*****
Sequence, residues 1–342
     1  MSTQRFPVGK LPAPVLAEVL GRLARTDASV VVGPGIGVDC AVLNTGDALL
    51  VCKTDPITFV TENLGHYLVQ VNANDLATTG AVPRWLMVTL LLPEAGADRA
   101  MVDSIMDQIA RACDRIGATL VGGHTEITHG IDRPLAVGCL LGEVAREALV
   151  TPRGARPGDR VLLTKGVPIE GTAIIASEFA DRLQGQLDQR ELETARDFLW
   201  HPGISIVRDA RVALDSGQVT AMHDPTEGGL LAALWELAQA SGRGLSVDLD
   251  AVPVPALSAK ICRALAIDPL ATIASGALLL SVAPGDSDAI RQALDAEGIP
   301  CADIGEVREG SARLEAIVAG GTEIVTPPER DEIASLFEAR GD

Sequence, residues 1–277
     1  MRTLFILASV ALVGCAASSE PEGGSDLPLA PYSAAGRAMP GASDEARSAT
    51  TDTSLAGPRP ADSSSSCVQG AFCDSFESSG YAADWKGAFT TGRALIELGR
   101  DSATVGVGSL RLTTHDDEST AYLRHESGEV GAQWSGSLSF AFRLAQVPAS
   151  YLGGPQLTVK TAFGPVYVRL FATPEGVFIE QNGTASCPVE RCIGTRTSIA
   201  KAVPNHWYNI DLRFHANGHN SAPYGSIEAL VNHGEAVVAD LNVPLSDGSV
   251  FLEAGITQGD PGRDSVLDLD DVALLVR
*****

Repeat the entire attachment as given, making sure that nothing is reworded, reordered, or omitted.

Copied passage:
Sequence, residues 1–342
     1  MSTQRFPVGK LPAPVLAEVL GRLARTDASV VVGPGIGVDC AVLNTGDALL
    51  VCKTDPITFV TENLGHYLVQ VNANDLATTG AVPRWLMVTL LLPEAGADRA
   101  MVDSIMDQIA RACDRIGATL VGGHTEITHG IDRPLAVGCL LGEVAREALV
   151  TPRGARPGDR VLLTKGVPIE GTAIIASEFA DRLQGQLDQR ELETARDFLW
   201  HPGISIVRDA RVALDSGQVT AMHDPTEGGL LAALWELAQA SGRGLSVDLD
   251  AVPVPALSAK ICRALAIDPL ATIASGALLL SVAPGDSDAI RQALDAEGIP
   301  CADIGEVREG SARLEAIVAG GTEIVTPPER DEIASLFEAR GD

Sequence, residues 1–277
     1  MRTLFILASV ALVGCAASSE PEGGSDLPLA PYSAAGRAMP GASDEARSAT
    51  TDTSLAGPRP ADSSSSCVQG AFCDSFESSG YAADWKGAFT TGRALIELGR
   101  DSATVGVGSL RLTTHDDEST AYLRHESGEV GAQWSGSLSF AFRLAQVPAS
   151  YLGGPQLTVK TAFGPVYVRL FATPEGVFIE QNGTASCPVE RCIGTRTSIA
   201  KAVPNHWYNI DLRFHANGHN SAPYGSIEAL VNHGEAVVAD LNVPLSDGSV
   251  FLEAGITQGD PGRDSVLDLD DVALLVR